Mario’s greatest evolution
Most of the gaming world would agree that Super Mario 64 is one of the greatest games of all time. I would agree also except for two things: First, the game gives me a tremendous headache after about 10 minutes of play; and, second, I’m not like most people.
See, where I have a problem with Mario 64 is where most people don’t have a problem. Don’t get me wrong; I love the leap forward that presents itself as soon as you boot up the game for the first time. I was — and still am — in awe of the wonderment that is seeing Mario in 3D after playing 2D Mario games for the majority of my gaming career. However, I’m not in concert with the idea that it’s one of the greatest games of all time. Why? Just because it was the first to fully realize a formerly 2D character in 3D splendor? Because it’s Mario and just because it’s Mario?
No, I can’t form my opinion or even include the game in the conversation of greatest game of all time just because of any of those things. There has to be some valid reasoning and while there are some great points for it, I’m not sold 100 percent.
Mario 64, graphically, is steps ahead of almost everything for the Nintendo 64. Note that I said almost.
Most games don’t hold a candle to Mario in fully realized 3D and, even with his polygonal block style as with most early N64 games, Mario still looks like a king. Peach’s Palace is interestingly laid out and the graphical quality of the castle still blows away the competition 20 years later. Watching Mario run around, run and jump and be Mario but in a non-2D sprite is pure heaven for Mario lovers like myself.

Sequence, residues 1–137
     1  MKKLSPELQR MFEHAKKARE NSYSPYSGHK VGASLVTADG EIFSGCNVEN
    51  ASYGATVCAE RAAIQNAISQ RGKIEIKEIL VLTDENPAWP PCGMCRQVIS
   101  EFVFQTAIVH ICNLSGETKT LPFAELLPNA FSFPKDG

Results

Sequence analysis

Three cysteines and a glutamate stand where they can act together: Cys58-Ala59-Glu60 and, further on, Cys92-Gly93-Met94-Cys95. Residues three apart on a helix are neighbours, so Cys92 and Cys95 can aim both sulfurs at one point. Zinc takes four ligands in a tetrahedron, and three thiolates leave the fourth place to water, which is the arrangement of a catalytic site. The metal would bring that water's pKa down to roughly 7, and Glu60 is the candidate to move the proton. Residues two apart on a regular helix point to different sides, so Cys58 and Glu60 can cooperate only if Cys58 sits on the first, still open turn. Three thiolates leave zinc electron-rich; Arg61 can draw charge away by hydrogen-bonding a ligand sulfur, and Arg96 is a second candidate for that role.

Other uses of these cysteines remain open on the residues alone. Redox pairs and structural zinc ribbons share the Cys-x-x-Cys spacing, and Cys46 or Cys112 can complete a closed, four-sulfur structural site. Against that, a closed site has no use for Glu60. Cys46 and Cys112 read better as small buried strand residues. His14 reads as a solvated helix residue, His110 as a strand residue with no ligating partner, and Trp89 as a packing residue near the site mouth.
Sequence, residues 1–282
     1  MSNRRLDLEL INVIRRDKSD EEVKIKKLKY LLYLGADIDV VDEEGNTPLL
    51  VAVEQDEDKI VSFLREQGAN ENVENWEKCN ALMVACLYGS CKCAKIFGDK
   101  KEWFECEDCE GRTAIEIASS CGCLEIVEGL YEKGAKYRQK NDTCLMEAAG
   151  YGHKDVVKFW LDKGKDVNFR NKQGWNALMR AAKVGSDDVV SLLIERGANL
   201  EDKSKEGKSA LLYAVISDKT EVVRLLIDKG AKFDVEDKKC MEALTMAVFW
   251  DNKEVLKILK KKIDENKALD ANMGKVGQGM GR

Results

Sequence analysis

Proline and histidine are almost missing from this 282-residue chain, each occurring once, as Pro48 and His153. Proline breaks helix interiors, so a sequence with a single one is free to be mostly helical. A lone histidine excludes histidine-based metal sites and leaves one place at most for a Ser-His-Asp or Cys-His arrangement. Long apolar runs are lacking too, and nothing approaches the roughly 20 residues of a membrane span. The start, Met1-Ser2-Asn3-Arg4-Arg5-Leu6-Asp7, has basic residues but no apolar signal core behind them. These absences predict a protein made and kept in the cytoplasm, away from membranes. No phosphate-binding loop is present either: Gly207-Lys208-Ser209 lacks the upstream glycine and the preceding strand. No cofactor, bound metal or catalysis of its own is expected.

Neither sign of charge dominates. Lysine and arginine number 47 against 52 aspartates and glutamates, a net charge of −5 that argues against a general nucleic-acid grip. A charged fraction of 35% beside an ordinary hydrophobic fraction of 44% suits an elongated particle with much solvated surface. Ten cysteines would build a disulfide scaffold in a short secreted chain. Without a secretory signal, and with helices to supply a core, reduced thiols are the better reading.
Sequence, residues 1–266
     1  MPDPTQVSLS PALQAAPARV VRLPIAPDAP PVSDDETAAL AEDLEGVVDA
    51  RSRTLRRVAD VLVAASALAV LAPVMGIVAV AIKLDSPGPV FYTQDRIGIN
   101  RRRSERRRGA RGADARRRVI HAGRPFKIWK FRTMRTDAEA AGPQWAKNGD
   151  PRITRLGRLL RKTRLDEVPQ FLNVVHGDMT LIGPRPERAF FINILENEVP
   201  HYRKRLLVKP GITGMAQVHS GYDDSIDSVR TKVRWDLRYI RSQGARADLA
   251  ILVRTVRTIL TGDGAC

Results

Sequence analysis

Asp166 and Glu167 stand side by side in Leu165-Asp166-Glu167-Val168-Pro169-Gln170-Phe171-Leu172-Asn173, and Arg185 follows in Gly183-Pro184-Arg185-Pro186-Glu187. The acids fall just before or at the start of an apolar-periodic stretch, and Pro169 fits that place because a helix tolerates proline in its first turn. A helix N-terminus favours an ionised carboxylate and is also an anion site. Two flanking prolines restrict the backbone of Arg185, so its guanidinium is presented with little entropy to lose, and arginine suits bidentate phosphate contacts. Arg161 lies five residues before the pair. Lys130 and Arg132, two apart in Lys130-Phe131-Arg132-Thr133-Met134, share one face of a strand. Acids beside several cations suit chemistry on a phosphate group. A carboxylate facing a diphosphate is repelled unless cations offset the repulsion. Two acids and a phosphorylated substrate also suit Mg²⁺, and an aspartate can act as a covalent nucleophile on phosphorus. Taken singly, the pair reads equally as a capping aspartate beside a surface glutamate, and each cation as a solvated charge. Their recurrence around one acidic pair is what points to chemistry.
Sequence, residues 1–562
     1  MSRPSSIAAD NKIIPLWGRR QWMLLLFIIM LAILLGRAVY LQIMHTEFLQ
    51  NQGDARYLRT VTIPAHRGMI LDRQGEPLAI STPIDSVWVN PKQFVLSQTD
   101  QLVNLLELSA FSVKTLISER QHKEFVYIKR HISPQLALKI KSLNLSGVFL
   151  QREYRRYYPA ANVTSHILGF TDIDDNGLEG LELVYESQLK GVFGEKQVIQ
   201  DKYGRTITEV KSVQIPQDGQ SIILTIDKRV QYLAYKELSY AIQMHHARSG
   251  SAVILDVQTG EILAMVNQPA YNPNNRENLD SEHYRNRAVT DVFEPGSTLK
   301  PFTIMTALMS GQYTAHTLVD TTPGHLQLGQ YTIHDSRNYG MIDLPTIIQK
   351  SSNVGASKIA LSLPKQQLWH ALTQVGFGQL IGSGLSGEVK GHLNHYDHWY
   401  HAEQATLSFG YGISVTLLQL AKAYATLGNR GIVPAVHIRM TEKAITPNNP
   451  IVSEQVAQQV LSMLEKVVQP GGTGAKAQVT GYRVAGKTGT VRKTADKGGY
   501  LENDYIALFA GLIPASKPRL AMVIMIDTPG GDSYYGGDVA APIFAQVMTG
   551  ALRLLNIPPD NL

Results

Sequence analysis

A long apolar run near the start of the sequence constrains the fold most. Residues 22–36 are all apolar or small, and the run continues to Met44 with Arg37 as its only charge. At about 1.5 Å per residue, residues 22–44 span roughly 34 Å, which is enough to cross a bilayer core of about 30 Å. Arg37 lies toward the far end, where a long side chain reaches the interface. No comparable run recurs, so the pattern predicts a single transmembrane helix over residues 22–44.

But there’s that blockiness that I mentioned before. It’s obvious throughout and can be jarring from time to time. And for motion sickness sufferers like myself, the 3D is nigh unbearable. It’s all I can do not to vomit after 20 minutes, so my playtime is immediately limited because of the visuals. I should not be wanting to vomit after playing a Mario game.
The soundtrack makes up for the illness-inducing gameplay. The soundtrack is fantastic and it’s worthy of a mainline Mario game, easily. From running around in the plains of Bob-omb Battlefield to traversing numerous obstacles to take on the King of the Koopas, Mario 64 is a dream come true in terms of audio pleasure.
And, this is, after all, the first commercial game where Mario actually speaks. It’s a joy to hear him squeal and squawk for the first time as he explores the various worlds.
With all of my negative sentiments about the leap from 2D to 3D for Mario, I still appreciate the masterpiece that is Mario 64. Groundbreaking and simultaneously frustrating?
Yes. But it’s frustration worth having even if it takes a tumble down my list of greatest games ever.